Madeline and I attended our first Friends for Life conference last week, sponsored by the Children with Diabetes organization. FFL is an annual international conference that offers opportunities for children and families living with diabetes to gather for the purpose of learning, sharing, laughing and growing. being in Orlando in July is another tale… but worthwhile overall, for the FFL experience.
At the FFL conference, I had the opportunity to attend a variety of sessions focusing on the scientific, technological, medical, emotional and social aspects of living with T1D. I listened to amazing findings of the research team led by Dr. Alessio Fasano of Massachusetts General, whose discoveries about the role of intestinal permeability and its relationship to the development of many kinds of autoimmune disorders are paving the way for treatments to potentially prevent or reverse the onset some of these disorders. I attended three different sessions with Gary Scheiner, a renowned professional whose experiences as a person with T1D and as a certified diabetes educator have revolutionized the approach to the effective management of diabetes. His guidance on integrating knowledge about the glycemic index in everyday nutritional choices and treatment decisions, interpreting and applying data from continuous glucose monitoring to improve daily and longer-term outcomes, and using strategies for avoiding and treating hypoglycemia was critical to my growth as Madeline’s artificial pancreas. And speaking of AP, I had a close-up view of the most important AP technology in development and trial, led by Dr. Ed Damiano of Boston University: the iLet. Overall, the information I learned was so dense and so transformative that it will take me quite a while to absorb it and integrate it where I can.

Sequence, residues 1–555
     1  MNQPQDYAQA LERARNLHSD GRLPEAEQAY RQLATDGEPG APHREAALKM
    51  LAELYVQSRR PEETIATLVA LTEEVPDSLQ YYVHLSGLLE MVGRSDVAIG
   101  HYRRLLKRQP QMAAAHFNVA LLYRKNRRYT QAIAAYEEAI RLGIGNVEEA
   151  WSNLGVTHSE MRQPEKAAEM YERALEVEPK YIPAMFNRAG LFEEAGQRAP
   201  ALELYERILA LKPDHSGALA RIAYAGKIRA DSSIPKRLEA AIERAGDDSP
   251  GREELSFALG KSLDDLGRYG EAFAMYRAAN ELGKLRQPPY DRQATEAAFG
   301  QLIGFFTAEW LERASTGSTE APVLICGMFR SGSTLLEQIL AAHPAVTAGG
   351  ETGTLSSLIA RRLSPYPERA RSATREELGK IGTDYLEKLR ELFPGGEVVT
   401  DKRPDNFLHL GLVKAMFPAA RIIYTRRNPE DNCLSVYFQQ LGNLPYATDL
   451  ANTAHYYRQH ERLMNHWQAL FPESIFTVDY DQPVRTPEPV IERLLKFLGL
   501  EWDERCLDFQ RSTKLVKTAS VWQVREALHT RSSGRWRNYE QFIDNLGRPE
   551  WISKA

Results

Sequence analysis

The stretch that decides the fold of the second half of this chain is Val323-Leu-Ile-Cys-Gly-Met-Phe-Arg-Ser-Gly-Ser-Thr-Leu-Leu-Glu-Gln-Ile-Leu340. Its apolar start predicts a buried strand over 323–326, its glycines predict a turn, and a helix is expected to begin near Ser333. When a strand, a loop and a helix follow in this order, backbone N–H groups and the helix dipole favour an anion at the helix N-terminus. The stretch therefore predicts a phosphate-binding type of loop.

Even with these amazing learning opportunities, one has powerfully resonated with me: the keynote address, delivered by Andrew Deutscher, a father of two sons, one having T1D. His focus was on the importance of the personal narrative–the stories we tell ourselves and others that help us make meaning of our life’s experiences. The importance of Story is one with which I’m well familiar, for it’s been a cornerstone of my professional work for the last 19 years. But Andrew’s perspective on the importance of personal narrative in making sense of, and finding purpose through, a life with T1D was particularly profound. His words stuck with me throughout the conference and beyond, as I ponder the narrative I choose to make as a mother to a child with T1D. As well, it’s got me thinking hard about how Madeline assembles and tells her own narrative–one that is authored bit by bit every day, regularly revised, and shared through the way in which she chooses to interact with the world.
Am I modeling a story of positivity, strength, courage, resilience?